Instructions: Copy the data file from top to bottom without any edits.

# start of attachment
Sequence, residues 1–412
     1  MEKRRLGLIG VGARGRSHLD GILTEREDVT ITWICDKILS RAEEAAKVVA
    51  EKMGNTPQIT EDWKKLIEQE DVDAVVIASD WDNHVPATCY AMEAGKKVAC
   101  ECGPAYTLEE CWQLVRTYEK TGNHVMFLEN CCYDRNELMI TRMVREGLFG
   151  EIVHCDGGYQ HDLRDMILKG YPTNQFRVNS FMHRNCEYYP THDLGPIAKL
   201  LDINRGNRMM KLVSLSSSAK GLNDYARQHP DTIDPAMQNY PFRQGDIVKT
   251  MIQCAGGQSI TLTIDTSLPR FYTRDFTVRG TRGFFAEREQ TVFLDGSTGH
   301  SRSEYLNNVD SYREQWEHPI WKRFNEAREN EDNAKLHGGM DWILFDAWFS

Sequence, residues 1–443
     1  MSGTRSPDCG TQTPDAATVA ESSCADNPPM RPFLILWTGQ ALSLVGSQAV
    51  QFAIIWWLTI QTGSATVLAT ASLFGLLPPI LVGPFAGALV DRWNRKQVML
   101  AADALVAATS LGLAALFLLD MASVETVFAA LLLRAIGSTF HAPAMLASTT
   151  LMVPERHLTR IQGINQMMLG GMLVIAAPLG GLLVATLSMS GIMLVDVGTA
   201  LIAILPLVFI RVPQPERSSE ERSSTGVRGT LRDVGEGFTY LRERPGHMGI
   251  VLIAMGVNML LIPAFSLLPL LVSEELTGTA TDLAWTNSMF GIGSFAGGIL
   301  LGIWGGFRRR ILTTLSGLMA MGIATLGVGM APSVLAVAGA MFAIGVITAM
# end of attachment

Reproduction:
Sequence, residues 1–412
     1  MEKRRLGLIG VGARGRSHLD GILTEREDVT ITWICDKILS RAEEAAKVVA
    51  EKMGNTPQIT EDWKKLIEQE DVDAVVIASD WDNHVPATCY AMEAGKKVAC
   101  ECGPAYTLEE CWQLVRTYEK TGNHVMFLEN CCYDRNELMI TRMVREGLFG
   151  EIVHCDGGYQ HDLRDMILKG YPTNQFRVNS FMHRNCEYYP THDLGPIAKL
   201  LDINRGNRMM KLVSLSSSAK GLNDYARQHP DTIDPAMQNY PFRQGDIVKT
   251  MIQCAGGQSI TLTIDTSLPR FYTRDFTVRG TRGFFAEREQ TVFLDGSTGH
   301  SRSEYLNNVD SYREQWEHPI WKRFNEAREN EDNAKLHGGM DWILFDAWFS

Sequence, residues 1–443
     1  MSGTRSPDCG TQTPDAATVA ESSCADNPPM RPFLILWTGQ ALSLVGSQAV
    51  QFAIIWWLTI QTGSATVLAT ASLFGLLPPI LVGPFAGALV DRWNRKQVML
   101  AADALVAATS LGLAALFLLD MASVETVFAA LLLRAIGSTF HAPAMLASTT
   151  LMVPERHLTR IQGINQMMLG GMLVIAAPLG GLLVATLSMS GIMLVDVGTA
   201  LIAILPLVFI RVPQPERSSE ERSSTGVRGT LRDVGEGFTY LRERPGHMGI
   251  VLIAMGVNML LIPAFSLLPL LVSEELTGTA TDLAWTNSMF GIGSFAGGIL
   301  LGIWGGFRRR ILTTLSGLMA MGIATLGVGM APSVLAVAGA MFAIGVITAM